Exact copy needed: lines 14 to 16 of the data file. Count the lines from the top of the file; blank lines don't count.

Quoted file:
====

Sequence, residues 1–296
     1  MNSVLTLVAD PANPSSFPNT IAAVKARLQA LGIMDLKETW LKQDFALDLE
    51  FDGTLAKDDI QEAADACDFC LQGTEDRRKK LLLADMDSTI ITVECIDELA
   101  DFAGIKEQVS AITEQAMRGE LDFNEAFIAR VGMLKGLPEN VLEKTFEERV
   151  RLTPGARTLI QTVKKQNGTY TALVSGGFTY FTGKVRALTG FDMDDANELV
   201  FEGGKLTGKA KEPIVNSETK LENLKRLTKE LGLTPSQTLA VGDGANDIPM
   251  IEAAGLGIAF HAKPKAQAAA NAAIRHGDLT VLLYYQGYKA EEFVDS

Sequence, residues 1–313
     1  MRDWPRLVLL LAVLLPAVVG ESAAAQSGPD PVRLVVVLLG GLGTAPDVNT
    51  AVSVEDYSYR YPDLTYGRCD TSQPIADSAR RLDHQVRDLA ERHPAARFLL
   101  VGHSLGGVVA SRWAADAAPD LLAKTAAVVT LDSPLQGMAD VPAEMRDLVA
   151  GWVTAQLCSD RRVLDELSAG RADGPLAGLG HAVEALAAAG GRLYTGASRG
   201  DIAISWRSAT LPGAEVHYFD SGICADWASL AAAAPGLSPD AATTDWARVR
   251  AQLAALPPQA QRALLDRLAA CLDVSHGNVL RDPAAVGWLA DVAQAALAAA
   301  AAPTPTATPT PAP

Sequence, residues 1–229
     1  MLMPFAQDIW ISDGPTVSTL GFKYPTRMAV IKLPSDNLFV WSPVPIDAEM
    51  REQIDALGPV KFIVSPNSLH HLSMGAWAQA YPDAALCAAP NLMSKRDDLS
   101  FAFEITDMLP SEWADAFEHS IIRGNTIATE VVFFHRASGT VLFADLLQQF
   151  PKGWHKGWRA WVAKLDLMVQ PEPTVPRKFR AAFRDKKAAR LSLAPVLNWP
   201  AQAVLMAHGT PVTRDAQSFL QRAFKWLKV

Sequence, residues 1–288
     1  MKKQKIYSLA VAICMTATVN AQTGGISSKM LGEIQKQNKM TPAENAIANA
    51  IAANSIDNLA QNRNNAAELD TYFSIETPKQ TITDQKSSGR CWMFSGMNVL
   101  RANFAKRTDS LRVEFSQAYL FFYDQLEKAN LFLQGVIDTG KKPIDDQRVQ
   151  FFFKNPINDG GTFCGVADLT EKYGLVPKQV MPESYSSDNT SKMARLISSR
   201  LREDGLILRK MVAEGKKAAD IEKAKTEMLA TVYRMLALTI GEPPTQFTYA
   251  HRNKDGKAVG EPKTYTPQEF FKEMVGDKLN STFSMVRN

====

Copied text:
   251  AQLAALPPQA QRALLDRLAA CLDVSHGNVL RDPAAVGWLA DVAQAALAAA
   301  AAPTPTATPT PAP

Sequence, residues 1–229